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P0823 is a diagnostic trouble code (DTC) for "Gear Lever X Position Circuit". This can happen for multiple reasons and a mechanic needs to diagnose the specific cause for this code to be triggered in your situation. Our certified mobile mechanics can come to your home or office to perform the Check Engine Light diagnostic. Once we are able to diagnose the problem, you will be provided with an upfront quote for the recommended fix and receive $20.00 off as a credit towards the repair. All our repairs are backed by our 12-month / 12,000-mile warranty.
In vehicles equipped with automatic transmissions, a P0821 code means that the powertrain control module (PCM) has registered a fault in the transmission shift mechanism range circuit, as pertains to a specific lever position. The PCM is supplied with data from transmission range sensor, which is used to control engine RPMs, fuel metering, engine timing and other drivability functions.
The PCM is registering data that is out of norms from transmission shift solenoids, the torque converter lockup solenoid, vehicle speed sensors or other sensors. The PCM then reads this as an incorrect transmission shifter range, storing a trouble code and illuminating the malfunction indicator lamp (MIL). The PCM may also put the transmission into limp-in mode.
More often than not, an out-of-adjustment transmission range sensor or failed transmission range sensor will cause a P0823 code.
Along with a stored code and illuminated MIL, symptoms might include poor fuel economy, a stored code, harsh shifts or failure to shift](https://www.yourmechanic.com/services/downshift-solenoid-replacement) out of a given gear.
A technician will need a code reader/scanner and digital volt/ohmmeter to diagnose this code. On most vehicles (especially Ford models), the transmission range sensor incorporates a variable resistance design. The switch is located over the transmission shift shaft, where the shift lever slides along its contacts. When the shift lever is moved (or the shifter cable on some models), the pivot of the range sensor moves to different contacts.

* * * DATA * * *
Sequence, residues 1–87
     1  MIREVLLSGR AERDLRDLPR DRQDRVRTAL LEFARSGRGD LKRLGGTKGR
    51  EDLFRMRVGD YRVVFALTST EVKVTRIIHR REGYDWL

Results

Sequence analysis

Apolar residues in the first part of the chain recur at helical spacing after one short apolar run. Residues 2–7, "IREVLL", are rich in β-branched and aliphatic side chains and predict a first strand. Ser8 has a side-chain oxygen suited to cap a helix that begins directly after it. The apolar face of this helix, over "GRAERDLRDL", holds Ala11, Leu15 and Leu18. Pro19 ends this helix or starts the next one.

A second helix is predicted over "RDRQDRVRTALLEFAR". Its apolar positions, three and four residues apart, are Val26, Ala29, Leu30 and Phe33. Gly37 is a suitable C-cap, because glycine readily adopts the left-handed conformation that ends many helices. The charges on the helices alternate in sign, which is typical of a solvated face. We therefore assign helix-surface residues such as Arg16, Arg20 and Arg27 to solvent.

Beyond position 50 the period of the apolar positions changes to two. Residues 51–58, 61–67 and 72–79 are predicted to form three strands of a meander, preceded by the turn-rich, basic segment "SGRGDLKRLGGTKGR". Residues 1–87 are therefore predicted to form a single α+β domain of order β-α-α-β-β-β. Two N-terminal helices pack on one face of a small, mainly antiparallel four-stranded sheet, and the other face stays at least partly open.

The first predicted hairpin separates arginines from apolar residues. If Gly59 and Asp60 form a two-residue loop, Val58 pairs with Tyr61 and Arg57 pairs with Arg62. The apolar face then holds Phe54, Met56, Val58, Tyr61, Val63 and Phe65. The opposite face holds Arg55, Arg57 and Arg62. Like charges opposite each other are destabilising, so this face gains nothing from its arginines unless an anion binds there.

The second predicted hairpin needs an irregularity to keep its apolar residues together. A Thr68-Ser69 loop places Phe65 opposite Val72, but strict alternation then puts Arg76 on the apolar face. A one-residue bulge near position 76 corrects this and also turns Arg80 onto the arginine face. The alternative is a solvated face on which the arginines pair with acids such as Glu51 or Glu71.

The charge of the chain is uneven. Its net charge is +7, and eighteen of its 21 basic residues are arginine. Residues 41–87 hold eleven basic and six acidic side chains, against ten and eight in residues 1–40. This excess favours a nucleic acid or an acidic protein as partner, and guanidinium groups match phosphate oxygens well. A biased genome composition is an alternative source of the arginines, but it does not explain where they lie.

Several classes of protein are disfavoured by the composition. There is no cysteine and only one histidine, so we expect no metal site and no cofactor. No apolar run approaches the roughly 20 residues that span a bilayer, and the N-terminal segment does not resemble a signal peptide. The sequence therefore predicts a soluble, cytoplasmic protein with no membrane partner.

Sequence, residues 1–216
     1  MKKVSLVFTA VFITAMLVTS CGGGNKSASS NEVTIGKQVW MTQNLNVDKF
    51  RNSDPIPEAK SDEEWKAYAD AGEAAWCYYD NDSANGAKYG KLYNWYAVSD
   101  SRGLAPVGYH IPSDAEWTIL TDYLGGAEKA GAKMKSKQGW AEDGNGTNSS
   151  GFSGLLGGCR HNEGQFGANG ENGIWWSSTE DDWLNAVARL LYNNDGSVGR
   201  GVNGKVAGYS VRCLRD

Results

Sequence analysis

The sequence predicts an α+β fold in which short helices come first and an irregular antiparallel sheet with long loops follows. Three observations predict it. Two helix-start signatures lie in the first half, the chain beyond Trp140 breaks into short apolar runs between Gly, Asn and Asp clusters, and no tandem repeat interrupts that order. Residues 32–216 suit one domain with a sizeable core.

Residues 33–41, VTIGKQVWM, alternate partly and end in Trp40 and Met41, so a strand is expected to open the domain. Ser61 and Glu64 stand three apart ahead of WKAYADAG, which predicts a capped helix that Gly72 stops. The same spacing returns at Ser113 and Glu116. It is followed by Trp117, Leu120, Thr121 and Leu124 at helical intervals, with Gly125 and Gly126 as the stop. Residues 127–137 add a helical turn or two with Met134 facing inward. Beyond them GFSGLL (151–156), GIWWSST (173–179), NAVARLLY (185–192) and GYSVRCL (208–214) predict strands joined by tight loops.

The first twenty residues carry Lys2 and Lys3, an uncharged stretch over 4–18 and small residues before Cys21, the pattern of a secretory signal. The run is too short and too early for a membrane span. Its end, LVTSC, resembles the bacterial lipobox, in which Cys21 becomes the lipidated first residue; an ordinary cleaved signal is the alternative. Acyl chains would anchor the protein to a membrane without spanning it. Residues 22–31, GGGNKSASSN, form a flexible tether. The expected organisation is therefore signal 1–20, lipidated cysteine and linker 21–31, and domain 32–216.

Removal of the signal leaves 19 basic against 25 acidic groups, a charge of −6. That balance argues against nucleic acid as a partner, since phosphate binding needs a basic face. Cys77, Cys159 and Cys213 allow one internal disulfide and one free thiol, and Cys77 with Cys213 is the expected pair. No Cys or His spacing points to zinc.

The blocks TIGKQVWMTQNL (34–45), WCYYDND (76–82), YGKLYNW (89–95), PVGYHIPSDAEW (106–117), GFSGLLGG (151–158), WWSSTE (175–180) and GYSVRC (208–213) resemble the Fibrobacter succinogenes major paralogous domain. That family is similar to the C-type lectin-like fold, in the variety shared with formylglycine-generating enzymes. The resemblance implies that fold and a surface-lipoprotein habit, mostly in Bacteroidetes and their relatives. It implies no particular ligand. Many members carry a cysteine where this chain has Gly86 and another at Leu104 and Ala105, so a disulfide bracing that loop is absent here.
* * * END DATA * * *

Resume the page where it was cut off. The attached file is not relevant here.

According to the position of the shift lever, each of the contacts send varying levels of resistance to the PCM.The PCM then reads these different levels of voltage as the gear selected by the shifter and relies on this information to set shift points, fuel metering, engine ignition timing and other functions. The PCM uses inputs from the transmission , engine and ABS to determine whether the transmission is in the proper gear for driving conditions, and the PCM then acts on this information.
Go over all system wiring, connectors and components, and repair/replace any open, shorted , damaged or corroded items found, then retest the system. If all wiring, connectors and components check out in good working order, connect the scanner to the diagnostic port. Find any stored trouble codes and freeze frame data; this information will be useful in tracking down any intermittent conditions that may have triggered this particular trouble code.
Clear codes and test drive vehicle to see if the code returns. If not, there may be an intermittent problem, which can be challenging to diagnose. In many cases, an intermittent problem may need to be allowed to worsen and return in order to make a correct diagnosis.
Should the code return immediately, check the transmission range sensor for battery voltage/ground signals.
If either ground or battery voltage circuits check as open, use the digital volt/ohmmeter to check for continuity and resistance in both circuits. Be sure to disconnect any related control modules or circuits first.
Repair/replace any system circuits/connectors found faulty, then retest the system. Using a manufacturer’s wiring schematic, test all related circuits and the sensor itself for resistance and continuity. Compare to manufacturer’s specs.
Repair/replace any circuits, connectors and/or components that are not in line with manufacturer’s specs.
Retest the system. If all readings coincide with manufacturer’s factory specs, suspect a failed PCM but remember that PCM failure is rare and would require a complete reprogramming.
Often, technicians replace the transmission range sensor when a simple adjustment of the sensor may have been all that was necessary.
The P0821 code can result in a transmission that won’t shift out of a given gear, and can end up with the transmission in limp-in mode, meaning a vehicle that’s barely drivable at all.
Adjustment or replacement of transmission range sensor, or repair/replacement of any corroded, loose or faulty wiring to the sensor.
If any transmission work was recently performed, check the range sensor for proper adjustment first. To ensure proper torque longevity, always use thread locking compound when installing sensor retaining bolts. Technicians should also be in the lookout for any excessive corrosion around the sensor connector, as this can often cause the code to be stored in the PCM.
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